When you visit to any pagoda in Myanmar, you will hear the peaceful sound of the pagoda bells come through the breeze.Bells are two kinds, some small bells hanging with the shape of banyan leaf inside, that can be seen hanging under the Hti (umbrella of stupa) are mostly made of bronze, silver and gold, and also offering around the planetary posts. Another kind is the bigger one hung on the pagoda platform what the people can strike it. Buddhist people strike it mostly three times to share their merits of praying or donation. Another person those who hears the sound of the bell says three time of “Thadu” which means “well done’’ in Myanmar language. And that person who says “Thadu’’ gets the same merit of the person who shared.
There has many big bells all around in Myanmar since the old days, nearly 89 tons of Mingun bell in Mingun, located in Sagaing Region, known as the largest bell in Myanmar now, it was casted since 1808 by King Bodawpaya for Pahtodawgyi Pagoda what we can see even from Ayarawaddy River. By size, it is the third largest in the world but the largest two from Russia which cannot be rung. So Myanmar people can be proud of Mingun bell as the largest ringing bell in the world.
The other historical bell in 16th century is the bell of King Bayintnaung, a famous king of Mon who built Hamthawaddy Palace (Kanbawzathadi) in Bago, that king donated 3.3 tons weight of the bronze bell at the Shwezigon pagoda in Bagan since 1557. On the bell, we can see all the records of the King’s donations, the names & the years of his conquer and year of building Kanbawzathadi palace were carved.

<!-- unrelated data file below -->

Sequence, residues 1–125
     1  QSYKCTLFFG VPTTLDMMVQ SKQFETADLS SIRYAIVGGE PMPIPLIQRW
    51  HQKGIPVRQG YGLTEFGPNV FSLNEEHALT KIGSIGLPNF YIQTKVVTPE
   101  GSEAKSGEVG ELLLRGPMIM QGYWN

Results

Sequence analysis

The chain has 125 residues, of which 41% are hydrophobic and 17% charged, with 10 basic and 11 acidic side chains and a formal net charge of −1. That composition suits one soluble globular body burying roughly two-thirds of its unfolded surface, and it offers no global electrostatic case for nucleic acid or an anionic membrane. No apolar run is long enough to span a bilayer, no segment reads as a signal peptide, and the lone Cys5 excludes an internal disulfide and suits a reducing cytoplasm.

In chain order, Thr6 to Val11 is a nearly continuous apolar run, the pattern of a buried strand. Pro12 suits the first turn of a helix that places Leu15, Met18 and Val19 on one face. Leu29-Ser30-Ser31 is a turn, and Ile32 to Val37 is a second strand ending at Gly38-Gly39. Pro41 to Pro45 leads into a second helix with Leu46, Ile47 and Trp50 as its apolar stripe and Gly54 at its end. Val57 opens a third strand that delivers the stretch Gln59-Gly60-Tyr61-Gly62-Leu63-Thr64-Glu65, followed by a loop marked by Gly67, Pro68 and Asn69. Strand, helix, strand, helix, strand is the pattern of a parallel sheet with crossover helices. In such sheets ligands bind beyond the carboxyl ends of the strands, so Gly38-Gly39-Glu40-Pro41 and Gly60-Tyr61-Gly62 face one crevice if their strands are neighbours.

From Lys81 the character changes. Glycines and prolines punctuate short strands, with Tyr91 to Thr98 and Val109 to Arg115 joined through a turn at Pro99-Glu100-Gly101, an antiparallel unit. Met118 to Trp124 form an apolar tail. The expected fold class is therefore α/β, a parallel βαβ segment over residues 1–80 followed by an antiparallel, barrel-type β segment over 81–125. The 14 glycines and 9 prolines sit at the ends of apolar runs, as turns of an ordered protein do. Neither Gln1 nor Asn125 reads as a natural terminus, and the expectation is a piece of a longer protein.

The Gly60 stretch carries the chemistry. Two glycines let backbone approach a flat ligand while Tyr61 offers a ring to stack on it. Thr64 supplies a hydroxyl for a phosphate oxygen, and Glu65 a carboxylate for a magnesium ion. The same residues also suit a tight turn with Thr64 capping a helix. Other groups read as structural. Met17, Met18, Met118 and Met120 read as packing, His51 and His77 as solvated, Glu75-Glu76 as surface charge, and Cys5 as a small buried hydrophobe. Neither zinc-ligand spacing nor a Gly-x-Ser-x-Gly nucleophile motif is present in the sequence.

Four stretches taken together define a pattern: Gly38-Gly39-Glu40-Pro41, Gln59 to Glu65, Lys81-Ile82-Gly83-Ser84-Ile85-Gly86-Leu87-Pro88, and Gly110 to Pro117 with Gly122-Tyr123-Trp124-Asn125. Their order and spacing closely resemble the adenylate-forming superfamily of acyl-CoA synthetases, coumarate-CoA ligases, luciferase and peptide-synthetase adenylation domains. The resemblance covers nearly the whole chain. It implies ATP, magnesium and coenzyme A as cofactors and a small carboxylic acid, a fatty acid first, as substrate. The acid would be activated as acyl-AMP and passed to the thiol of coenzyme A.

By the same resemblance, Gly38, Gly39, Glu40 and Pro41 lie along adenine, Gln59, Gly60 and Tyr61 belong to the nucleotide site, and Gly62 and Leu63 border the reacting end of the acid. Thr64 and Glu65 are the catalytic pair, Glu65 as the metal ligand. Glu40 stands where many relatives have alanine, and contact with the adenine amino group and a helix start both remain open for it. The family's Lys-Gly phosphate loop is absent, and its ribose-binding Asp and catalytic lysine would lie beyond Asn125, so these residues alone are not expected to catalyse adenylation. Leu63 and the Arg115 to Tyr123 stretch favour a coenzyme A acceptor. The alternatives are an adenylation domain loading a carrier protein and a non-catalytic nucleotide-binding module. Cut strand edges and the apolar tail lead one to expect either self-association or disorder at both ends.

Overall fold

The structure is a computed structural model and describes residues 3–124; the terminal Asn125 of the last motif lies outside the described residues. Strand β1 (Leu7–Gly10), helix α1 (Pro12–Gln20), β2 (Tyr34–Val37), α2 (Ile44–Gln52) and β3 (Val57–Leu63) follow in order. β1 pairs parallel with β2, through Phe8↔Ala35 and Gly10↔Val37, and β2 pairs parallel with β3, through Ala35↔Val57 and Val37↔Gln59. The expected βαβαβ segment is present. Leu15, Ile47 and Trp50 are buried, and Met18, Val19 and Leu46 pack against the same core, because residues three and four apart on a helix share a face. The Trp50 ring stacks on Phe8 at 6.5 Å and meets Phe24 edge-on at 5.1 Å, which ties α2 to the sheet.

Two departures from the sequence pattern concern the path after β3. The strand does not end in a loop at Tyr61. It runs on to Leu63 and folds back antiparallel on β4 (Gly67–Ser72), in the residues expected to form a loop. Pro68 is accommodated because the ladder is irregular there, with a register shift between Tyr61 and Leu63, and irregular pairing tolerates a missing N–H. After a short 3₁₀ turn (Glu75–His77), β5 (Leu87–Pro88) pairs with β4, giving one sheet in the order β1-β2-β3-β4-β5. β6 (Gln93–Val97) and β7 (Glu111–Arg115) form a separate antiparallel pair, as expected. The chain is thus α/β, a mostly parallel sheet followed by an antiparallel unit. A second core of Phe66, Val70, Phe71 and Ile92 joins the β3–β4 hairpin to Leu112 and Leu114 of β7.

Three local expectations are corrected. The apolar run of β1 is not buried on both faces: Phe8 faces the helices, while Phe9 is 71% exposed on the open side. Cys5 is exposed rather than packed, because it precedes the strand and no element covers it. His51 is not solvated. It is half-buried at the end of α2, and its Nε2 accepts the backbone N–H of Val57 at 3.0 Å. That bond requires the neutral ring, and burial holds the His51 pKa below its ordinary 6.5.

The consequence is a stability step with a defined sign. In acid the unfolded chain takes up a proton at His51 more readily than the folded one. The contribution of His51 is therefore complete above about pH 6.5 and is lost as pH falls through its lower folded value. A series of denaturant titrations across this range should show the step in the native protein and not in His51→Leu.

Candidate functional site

Another famous bell from Shwedagon pagoda donated by King Singu casted in 1778, known as King Singu bell. It is 24 tons weight, and was carved the Burmese horoscope and records of donation on it. That bell had been tried to carry off from the Shwedagon pagoda in 1824 by British troops and got it on board of a ship. But, the vessel turned over, and the great bell was capsized into the mud at the bottom of Yangon River and local people willingly saved it back and replaced it after three years.
Another large bell of 42 tons bronze bell in Shwedagon Pagoda was donated by King Thayawaddy since 1841, known as Thayawaddy bell.
A different type of the bells which give the sweet song is triangle gong (Kyay Si in Burmese language), the big sizes are used in the pagoda at the donation counter to share the good deeds of the donor. The small sizes are used at home for Buddhist prayers to share their merits after praying. And also it was used to inform the food donors to be ready when the monks are coming to their street for accepting their donations.
Buddhist people believe that their donation of the small pagoda bells can give good sound as the same reflection of their offering. Some hotels and restaurants use the small bells and triangle gongs as decoration.
So, we can identify the bells are not only represents for music and culture but also very important ones in religion and tradition of Myanmar.